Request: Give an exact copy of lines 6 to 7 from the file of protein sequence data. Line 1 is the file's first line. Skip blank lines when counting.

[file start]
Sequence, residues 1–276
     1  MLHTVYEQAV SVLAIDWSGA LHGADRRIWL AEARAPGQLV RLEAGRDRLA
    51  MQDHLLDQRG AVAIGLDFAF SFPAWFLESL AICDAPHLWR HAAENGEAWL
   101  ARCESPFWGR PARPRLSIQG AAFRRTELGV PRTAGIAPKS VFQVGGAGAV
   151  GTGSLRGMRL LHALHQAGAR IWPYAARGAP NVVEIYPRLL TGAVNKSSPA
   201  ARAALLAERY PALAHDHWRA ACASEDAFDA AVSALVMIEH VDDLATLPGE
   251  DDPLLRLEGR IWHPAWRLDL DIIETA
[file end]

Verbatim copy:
   201  ARAALLAERY PALAHDHWRA ACASEDAFDA AVSALVMIEH VDDLATLPGE
   251  DDPLLRLEGR IWHPAWRLDL DIIETA